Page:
Responsible businessWe are committed to building an ethical business culture, ensuring we conduct our business with honesty and integrity, driving positive change in our supply chain and within our industry.
“Compliance with laws, industry codes of conduct and our own strong values and guiding principles form the basis of how we do business and are the foundation upon which we engage with society, clients, partners and suppliers.”
President & COO
“As a signatory of the United Nations Global Compact, mci group does not tolerate bribery or corruption. We are committed to acting ethically in all aspects of our business, maintaining and improving the highest standards of honesty and integrity. It is part of our core values, and we firmly support international and local efforts to eliminate corruption and financial crime.”
Our business ethics approach is based on the UN Global Compact framework with guidance from Transparency International’s Guide – Business Principles for Countering Bribery. It consists of the following key pillars:
UN Global Compact call to action
In addition to our CEO’s commitment, we signed the UN Global Compact Call to Action and are calling on governments to promote anti-corruption measures and implement policies that will establish sound governance systems. The call to action urges governments to underscore anti-corruption and good governance as fundamental pillars of a sustainable and inclusive global economy.
Compliance with best practices, laws and regulations
Following our business ethics risk assessment, the risk of corruption and bribery across our group was defined as low. Some of our offices are in countries with an increased risk of corruption, especially in projects with governmental organisations, and we will continue to monitor and assess the situation on a need basis.
In 2020, mci group did not receive any fines or sanctions for unethical business practices and/or non-compliance with laws and regulations. No cases of discrimination or human rights violations were reported. mci does not make contributions to political parties or politicians.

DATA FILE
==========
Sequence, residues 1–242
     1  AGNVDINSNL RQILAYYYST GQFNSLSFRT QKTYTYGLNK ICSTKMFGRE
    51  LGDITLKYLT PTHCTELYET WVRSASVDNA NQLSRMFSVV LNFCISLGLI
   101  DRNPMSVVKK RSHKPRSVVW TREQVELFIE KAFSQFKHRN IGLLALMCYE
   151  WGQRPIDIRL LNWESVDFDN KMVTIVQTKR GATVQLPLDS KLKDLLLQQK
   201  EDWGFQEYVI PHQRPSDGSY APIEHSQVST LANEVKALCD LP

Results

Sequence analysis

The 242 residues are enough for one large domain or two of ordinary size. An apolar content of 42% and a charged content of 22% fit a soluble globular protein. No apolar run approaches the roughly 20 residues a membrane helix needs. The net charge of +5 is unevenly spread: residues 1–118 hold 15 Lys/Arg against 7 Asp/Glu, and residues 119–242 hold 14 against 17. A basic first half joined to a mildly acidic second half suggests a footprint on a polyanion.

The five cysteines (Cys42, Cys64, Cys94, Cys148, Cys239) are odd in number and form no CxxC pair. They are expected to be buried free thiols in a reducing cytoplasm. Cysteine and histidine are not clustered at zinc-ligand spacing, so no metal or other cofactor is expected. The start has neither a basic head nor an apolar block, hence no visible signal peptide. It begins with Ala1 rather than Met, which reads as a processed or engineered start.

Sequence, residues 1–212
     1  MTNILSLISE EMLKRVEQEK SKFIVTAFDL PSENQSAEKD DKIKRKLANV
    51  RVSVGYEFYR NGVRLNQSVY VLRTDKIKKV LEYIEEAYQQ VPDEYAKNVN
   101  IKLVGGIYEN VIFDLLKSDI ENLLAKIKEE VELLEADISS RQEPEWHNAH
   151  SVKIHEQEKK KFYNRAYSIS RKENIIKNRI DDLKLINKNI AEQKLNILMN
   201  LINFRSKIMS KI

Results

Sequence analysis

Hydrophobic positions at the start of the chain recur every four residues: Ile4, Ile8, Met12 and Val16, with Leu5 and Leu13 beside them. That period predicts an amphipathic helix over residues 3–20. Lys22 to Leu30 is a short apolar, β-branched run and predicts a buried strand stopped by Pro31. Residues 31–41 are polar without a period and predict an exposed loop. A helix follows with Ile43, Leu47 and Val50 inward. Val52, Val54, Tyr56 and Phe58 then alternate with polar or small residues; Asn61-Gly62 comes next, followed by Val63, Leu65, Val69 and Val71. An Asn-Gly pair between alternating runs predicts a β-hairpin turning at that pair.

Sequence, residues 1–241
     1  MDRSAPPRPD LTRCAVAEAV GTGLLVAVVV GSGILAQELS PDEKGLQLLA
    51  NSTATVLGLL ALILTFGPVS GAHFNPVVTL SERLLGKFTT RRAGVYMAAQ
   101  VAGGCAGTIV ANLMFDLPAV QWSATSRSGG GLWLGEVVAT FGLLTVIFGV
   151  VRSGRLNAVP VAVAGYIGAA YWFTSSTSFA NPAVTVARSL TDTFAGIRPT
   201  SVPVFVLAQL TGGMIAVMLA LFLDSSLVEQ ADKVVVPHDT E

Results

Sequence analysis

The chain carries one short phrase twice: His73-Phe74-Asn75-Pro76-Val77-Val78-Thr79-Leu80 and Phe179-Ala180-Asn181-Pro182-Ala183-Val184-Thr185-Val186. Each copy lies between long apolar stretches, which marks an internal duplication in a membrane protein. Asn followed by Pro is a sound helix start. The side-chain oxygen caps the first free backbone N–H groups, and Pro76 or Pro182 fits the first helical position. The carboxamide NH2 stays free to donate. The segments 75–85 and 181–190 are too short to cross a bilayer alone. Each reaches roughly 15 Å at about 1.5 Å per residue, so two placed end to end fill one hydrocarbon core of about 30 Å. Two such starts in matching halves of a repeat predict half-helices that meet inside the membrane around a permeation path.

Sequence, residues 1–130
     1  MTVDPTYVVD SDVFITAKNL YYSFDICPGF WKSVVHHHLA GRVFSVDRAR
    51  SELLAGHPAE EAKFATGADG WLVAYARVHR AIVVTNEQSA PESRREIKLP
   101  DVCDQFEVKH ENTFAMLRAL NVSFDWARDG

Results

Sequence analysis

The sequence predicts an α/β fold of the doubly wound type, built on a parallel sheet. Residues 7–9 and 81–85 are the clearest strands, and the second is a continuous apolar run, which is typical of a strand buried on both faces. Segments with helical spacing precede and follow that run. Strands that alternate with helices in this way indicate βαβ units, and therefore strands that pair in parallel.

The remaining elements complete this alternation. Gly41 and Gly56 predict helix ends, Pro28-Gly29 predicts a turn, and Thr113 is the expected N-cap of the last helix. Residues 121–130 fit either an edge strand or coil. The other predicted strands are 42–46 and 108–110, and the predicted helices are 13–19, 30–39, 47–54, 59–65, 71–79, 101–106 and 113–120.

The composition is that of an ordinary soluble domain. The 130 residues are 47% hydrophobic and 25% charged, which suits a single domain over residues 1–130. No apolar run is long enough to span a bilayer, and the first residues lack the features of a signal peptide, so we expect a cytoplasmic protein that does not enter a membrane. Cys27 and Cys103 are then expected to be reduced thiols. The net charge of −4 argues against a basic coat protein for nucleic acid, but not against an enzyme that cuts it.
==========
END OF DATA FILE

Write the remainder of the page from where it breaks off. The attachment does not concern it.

Healthcare industry regulations and compliance
In addition to our standard event practices, the projects we organise for our clients in the pharmaceutical and medical device sector are bound by strict codes of conduct in compliance. We adhere to the rules and guidelines laid down by IFPMA, EFPIA and MedTech Europe, and related respective regional and country codes. These rules cover activities such as commercial and medical publications, interactions with healthcare professionals (HCPs) and related hospitality through direct and indirect sponsorship, and give guidance for virtual and hybrid engagements with HCPs. Our healthcare team is responsible for the implementation and the training of processes and procedures to our talents. This team works with our ethics team.
Procedures and policy
Our code of business ethics sets clear ethical expectations for all our talents and agencies.
Based on the UN Global Compact principles, our code expresses values and beliefs for conducting business responsibly and transparently.
The code is supported by additional guidelines on anti-bribery and corruption, hospitality and gifts, facilitation payments or use of third-party advisers.
We strive for associate ventures, affiliate companies and preferred partners to adopt ethical standards that are consistent with our own. For acquisitions, our due-diligence processes also cover ethical risks.
We apply our values to our supply chain through our supplier code of conduct.
Our policies and expectations are shared with all new talents joining the company as part of our onboarding programme. We have a dedicated “ethics” section on our intranet with our policies and guidelines, as well as training presentations on how to deal with ethics-related challenges.
The policies are assessed regularly by the group sustainability team and ethics council with the collaboration of the appropriate shared service teams (finance, procurement, legal, HR). They must be reviewed and signed off by the executive committee.
With the changes in European whistleblowing legislation, we took the opportunity to review our policies. Updated responsible business guidelines covering ethics, whistleblowing and anti-corruption policies will be launched in 2021, with a dedicated training programme for our talents.
Implementing good governance
Our advisory board, executive committee and group management team ensure the tone of good governance at board level, applying the solid principles and values that provide the framework for how we do business (read more).
The Ethics Officer has the responsibility to review and respond to any compliance issues.
Escalation and whistleblowing procedures